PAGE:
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Perception, Causation, Disjunction

Hyman, J; (2022) Perception, Causation, Disjunction. In: Pfisterer, C and Rathgeb, N and Schmidt, E, (eds.) Wittgenstein and Beyond. Routledge: Abingdon, UK. Green open access

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British philosophy of perception conducted a step-by-step retreat from empiricism in the twentieth century, as Lockean indirect realism and phenomenalism gave way to the modern causal theory of perception advanced by Paul Grice and defended by Peter Strawson, and as that theory came under attack by Paul Snowdon, Mike Martin, and others, under the banner of disjunctivism. In this chapter, I focus almost exclusively on Grice, Strawson, and Snowdon. I do not attempt a comprehensive assessment of their views about perception. Instead, I begin with some introductory comments, placing the modern causal theory against its empiricist background, and then examine Strawson’s argument in favour of the theory and Snowdon’s objection to it. I do not contest the objection. On the contrary, I press it further, against the disjunctivism that Snowdon himself defends. The burden of my argument is that the retreat from empiricism has not gone far enough.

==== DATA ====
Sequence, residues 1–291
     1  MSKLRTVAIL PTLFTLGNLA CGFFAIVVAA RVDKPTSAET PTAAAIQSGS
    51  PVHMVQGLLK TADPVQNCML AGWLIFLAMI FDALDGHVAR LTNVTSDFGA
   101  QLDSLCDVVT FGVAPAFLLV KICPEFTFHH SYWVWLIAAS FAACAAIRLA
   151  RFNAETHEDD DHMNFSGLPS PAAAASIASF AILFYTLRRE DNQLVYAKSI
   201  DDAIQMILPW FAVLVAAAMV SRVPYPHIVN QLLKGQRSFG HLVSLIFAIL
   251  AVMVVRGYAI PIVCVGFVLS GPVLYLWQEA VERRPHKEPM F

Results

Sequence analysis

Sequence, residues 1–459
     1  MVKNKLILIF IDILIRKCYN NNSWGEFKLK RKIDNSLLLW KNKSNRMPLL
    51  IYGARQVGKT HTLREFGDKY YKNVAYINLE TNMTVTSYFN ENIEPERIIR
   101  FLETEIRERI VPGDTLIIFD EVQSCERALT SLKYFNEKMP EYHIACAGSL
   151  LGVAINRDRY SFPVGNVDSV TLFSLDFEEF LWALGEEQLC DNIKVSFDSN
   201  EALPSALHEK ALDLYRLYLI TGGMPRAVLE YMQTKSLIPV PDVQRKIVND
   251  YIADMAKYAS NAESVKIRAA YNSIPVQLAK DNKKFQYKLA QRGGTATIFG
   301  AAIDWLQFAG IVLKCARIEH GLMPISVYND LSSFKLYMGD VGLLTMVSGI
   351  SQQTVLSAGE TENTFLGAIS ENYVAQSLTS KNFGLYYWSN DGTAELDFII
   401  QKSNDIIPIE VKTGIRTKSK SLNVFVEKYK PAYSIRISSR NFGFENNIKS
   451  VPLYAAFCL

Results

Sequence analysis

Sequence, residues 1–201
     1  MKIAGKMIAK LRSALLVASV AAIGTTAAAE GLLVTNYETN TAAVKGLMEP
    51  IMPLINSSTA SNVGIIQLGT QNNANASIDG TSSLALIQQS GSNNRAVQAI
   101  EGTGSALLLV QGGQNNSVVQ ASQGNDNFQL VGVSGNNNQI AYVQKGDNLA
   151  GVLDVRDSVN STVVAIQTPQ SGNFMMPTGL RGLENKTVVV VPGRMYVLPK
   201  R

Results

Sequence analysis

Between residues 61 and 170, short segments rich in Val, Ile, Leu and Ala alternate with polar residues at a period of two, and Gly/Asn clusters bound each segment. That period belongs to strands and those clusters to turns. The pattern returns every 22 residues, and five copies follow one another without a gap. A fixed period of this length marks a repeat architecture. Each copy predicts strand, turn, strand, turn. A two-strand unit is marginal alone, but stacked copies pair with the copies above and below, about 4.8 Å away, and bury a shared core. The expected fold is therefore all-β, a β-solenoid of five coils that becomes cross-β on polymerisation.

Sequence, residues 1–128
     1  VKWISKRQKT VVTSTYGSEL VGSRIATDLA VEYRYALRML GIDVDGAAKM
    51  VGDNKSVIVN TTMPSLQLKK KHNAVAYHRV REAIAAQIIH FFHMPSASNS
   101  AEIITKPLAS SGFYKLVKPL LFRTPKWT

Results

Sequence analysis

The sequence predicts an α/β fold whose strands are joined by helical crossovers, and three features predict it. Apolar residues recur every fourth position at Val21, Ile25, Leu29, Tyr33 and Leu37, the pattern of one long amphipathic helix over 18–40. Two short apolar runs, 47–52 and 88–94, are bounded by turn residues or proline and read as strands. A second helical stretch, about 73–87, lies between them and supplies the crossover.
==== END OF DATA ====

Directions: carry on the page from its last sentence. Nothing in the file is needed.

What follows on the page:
Type: Book chapter
Title: Perception, Causation, Disjunction
ISBN-13: 9781003202929
Open access status: An open access version is available from UCL Discovery
DOI: 10.4324/9781003202929-11
Publisher version: https://doi.org/10.4324/9781003202929-11
Language: English
Additional information: This version is the author accepted manuscript. For information on re-use, please refer to the publisher’s terms and conditions.
UCL classification: UCL
UCL > Provost and Vice Provost Offices > UCL SLASH
UCL > Provost and Vice Provost Offices > UCL SLASH > Faculty of Arts and Humanities
UCL > Provost and Vice Provost Offices > UCL SLASH > Faculty of Arts and Humanities > Dept of Philosophy
URI: https://discovery.ucl.ac.uk/id/eprint/10137499
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